• Runs and Tracks – These will also be two inches wide and run along the garden’s outside edges. Rats will always use the same pathways to and from the food to bring it back to their shelter. If you use a wood or metal frame or fence around your garden, you can also look for any markings along the walls or entryways.
  • Rat Droppings – These are harder to spot in the dirt because rat droppings are small and circular. They dry out quickly, but a fresh dropping can indicate when the rats are coming by.

How to Prevent Rats from Infesting Vegetable Gardens

It can be tempting to want to use pesticides and poisons to rid your garden of rats. However, several natural methods can help repel them just as well and keep your garden free of chemicals.

Peppermint Oil

peppermint oil

This is a great way to keep rats away without spraying chemicals or poison everywhere. Take cotton balls and douse them in peppermint oil. Place the cotton balls throughout the garden in various spots that are hidden and also near the plants.

Alternatively, you can spray the plant leaves and soil with peppermint, but it’s essential to add just a little bit and wait 48 hours to see if there is any reaction or damage to your vegetables before adding more. It’s also worth noting that too much peppermint could also affect the taste of your vegetables after harvest.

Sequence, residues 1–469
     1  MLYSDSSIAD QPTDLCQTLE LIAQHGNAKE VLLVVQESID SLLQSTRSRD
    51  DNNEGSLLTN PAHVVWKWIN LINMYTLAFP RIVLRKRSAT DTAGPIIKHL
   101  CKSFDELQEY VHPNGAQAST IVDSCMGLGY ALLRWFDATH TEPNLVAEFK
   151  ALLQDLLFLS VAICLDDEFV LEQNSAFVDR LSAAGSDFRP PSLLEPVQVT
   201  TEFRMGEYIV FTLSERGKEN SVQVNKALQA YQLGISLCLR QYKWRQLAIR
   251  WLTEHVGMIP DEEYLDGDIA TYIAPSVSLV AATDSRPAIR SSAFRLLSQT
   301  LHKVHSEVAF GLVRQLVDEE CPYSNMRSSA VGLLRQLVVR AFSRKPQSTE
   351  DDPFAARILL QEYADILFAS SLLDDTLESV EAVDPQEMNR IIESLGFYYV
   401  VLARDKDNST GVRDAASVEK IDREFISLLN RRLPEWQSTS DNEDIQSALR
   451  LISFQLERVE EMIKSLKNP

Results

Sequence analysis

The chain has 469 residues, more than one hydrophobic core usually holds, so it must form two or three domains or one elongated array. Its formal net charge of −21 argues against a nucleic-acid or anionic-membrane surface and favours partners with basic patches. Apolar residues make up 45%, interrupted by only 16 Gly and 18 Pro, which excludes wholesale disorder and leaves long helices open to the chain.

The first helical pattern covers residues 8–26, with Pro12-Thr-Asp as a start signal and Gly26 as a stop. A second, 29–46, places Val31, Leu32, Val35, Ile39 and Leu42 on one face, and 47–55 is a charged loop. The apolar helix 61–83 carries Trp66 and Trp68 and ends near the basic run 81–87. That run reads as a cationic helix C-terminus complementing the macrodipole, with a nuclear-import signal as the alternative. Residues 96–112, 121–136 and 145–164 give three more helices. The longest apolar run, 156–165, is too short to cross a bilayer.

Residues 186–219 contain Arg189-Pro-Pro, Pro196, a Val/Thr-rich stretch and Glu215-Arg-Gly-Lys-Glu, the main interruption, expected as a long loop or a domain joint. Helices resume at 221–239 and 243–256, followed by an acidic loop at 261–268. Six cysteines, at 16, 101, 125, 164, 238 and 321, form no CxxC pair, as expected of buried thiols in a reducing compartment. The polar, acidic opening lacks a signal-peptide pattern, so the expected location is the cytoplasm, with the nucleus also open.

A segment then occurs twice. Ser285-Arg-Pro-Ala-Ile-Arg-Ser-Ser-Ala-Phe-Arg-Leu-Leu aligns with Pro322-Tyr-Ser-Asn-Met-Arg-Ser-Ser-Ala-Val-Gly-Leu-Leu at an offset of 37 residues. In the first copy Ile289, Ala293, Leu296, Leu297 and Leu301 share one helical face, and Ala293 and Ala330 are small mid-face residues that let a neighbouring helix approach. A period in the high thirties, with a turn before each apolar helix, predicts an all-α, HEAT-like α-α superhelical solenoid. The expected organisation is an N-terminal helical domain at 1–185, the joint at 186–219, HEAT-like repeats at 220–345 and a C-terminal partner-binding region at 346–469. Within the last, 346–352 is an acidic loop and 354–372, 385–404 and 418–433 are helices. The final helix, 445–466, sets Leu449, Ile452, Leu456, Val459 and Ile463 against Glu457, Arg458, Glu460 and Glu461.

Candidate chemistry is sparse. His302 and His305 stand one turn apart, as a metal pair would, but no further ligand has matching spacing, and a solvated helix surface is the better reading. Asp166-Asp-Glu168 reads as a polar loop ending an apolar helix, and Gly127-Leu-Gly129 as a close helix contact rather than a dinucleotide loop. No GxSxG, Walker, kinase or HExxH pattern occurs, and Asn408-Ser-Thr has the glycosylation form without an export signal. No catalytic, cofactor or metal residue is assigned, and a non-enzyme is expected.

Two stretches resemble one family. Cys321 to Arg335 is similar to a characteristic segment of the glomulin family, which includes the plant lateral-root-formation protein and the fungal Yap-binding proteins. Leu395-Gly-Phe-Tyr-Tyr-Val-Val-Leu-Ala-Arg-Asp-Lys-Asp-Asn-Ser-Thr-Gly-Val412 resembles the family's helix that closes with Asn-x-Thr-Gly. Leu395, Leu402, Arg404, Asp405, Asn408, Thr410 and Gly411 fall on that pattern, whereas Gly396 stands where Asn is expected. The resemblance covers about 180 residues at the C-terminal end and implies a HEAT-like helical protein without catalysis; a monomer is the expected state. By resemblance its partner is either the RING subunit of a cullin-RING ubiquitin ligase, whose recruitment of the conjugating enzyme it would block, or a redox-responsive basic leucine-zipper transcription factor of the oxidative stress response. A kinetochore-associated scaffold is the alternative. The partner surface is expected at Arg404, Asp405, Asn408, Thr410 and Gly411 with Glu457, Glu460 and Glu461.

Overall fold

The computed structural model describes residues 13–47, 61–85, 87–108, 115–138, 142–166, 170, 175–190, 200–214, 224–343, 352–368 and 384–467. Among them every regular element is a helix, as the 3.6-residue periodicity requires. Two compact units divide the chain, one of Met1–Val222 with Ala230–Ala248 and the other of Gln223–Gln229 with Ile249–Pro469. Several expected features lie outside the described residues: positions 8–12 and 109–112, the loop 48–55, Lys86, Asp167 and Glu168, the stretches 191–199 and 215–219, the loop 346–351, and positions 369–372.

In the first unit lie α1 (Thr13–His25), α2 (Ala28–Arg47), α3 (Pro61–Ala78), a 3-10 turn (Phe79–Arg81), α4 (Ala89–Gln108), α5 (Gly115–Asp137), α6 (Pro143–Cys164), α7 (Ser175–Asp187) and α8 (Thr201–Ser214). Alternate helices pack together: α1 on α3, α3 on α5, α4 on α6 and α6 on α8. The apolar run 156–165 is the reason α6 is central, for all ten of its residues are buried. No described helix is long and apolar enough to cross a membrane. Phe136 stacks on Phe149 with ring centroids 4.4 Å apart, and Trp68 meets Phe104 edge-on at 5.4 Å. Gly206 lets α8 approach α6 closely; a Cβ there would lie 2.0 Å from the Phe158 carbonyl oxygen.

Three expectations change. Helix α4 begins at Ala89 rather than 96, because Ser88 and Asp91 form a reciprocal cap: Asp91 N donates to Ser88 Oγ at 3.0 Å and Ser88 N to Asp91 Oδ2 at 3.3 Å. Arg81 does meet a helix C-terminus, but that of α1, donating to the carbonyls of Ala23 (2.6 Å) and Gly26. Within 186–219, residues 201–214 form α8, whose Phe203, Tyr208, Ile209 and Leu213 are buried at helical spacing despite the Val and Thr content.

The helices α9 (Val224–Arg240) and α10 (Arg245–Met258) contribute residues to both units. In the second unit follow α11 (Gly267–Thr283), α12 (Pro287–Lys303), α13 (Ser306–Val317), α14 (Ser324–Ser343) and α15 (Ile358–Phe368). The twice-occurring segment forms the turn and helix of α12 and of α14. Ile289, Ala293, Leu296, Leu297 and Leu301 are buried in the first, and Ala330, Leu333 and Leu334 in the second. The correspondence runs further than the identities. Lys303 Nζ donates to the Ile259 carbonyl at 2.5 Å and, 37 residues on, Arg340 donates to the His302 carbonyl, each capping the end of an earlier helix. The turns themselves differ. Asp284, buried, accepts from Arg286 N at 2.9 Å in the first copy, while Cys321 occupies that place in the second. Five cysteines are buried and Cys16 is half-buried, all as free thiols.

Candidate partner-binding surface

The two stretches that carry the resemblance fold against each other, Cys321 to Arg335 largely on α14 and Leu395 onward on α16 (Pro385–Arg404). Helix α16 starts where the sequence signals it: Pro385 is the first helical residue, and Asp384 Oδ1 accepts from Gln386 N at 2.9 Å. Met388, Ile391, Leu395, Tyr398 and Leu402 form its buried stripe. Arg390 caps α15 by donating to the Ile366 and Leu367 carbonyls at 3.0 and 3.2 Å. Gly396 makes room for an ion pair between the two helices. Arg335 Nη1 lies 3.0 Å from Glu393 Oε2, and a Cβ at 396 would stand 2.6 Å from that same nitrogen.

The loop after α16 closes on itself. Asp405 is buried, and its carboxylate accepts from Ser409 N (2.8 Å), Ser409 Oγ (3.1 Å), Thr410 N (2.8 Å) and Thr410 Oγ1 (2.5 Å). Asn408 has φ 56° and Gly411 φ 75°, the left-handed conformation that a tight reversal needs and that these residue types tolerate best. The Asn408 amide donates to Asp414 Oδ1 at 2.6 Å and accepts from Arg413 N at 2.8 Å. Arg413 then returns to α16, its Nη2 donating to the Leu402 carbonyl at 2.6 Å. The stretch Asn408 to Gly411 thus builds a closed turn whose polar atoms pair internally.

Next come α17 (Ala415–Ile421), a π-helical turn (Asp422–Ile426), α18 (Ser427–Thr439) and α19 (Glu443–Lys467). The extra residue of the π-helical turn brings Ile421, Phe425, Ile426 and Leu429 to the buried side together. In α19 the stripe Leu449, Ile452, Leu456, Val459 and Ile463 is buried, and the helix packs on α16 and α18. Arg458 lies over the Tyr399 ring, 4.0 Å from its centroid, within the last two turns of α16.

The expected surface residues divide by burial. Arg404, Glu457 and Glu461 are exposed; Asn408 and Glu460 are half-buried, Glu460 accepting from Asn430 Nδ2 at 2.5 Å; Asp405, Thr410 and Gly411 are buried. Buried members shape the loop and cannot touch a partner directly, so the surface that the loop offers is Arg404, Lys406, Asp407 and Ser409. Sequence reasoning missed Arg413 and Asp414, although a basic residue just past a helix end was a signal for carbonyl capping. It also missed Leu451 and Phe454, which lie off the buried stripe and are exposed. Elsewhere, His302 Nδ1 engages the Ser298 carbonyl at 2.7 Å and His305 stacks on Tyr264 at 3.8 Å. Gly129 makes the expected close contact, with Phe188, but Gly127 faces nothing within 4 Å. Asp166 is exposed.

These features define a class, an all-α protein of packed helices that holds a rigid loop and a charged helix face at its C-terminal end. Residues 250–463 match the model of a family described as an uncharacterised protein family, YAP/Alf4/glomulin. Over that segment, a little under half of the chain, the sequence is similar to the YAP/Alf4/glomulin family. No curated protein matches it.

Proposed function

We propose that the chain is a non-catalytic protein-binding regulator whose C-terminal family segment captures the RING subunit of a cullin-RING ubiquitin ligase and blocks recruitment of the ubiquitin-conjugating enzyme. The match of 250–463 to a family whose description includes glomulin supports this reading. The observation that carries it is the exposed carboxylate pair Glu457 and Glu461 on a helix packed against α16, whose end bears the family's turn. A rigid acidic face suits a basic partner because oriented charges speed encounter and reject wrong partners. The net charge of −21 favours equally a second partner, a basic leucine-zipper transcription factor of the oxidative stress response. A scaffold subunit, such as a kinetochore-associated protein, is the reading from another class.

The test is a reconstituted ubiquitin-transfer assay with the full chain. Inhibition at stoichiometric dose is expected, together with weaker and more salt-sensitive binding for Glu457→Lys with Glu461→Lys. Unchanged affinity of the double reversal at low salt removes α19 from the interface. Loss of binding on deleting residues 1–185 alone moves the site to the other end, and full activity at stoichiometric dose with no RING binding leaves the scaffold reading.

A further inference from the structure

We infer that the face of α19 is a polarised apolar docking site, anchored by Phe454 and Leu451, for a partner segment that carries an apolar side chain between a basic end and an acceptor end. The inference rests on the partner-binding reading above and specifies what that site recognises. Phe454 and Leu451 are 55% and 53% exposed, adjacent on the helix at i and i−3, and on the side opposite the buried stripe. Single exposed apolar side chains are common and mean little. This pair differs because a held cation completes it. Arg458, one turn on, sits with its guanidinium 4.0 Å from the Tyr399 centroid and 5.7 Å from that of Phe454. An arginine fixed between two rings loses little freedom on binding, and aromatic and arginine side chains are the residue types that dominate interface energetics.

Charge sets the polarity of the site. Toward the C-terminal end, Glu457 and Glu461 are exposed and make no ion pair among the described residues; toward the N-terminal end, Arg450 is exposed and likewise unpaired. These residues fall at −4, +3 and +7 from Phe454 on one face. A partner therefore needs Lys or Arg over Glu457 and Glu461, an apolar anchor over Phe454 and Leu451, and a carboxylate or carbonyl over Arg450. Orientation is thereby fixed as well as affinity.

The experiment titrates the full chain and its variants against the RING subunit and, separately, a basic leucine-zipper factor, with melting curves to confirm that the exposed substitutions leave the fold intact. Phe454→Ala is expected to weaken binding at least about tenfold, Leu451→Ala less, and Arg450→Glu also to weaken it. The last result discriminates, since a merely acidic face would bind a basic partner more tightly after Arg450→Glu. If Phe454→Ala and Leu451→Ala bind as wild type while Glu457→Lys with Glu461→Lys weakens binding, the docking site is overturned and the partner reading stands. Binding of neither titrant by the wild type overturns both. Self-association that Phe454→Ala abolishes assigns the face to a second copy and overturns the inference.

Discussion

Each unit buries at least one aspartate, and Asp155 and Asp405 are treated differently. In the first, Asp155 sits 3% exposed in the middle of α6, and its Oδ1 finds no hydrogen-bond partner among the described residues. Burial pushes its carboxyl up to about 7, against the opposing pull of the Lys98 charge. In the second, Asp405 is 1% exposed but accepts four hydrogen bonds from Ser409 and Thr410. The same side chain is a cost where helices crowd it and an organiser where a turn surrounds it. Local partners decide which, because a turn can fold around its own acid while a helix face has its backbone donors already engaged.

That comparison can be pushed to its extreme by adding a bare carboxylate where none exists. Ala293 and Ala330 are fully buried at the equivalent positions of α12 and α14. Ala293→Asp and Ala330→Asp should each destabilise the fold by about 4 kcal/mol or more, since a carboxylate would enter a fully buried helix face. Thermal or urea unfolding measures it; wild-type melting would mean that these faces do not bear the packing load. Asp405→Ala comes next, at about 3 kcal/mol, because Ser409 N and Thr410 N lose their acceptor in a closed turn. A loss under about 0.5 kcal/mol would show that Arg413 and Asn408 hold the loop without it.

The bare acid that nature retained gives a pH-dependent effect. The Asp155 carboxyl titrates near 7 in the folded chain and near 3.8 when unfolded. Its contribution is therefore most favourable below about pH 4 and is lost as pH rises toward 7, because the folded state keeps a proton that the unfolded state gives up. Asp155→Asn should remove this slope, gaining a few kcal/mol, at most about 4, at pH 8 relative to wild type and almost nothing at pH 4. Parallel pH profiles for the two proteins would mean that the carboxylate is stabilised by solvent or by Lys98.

Keep the Garden Clean

Any fallen fruit, branches, wood, or debris lying on the ground and easy to reach becomes an easy way to attract rats. As mentioned before, rats can use these items as hiding places or climb them to reach taller plants.

If you want to avoid rats, you’ll want to ensure your garden is free from these objects. You’ll also want to keep your garden neat, trimming back overgrown stalks and plants around the edges of your garden.

Set Up Barriers

You could also set up barriers, like wooden crates, along the perimeter to make it harder for rats to enter your garden. Ensure there are no trees with low-hanging limbs or plants near the barrier; otherwise, the rats will figure out they can climb these items to get in and out as needed.

Choose Your Plants Carefully

Several plants and vegetables attract rats. These should ideally be planted far away from any other vegetables you are trying to grow or in combination with plants and vegetables that keep rodents away.

The following plants are more likely to attract rats, so they should be planted very scarcely. If possible, do not include these plants in your garden at all:

  • Bamboo
  • Aloe Vera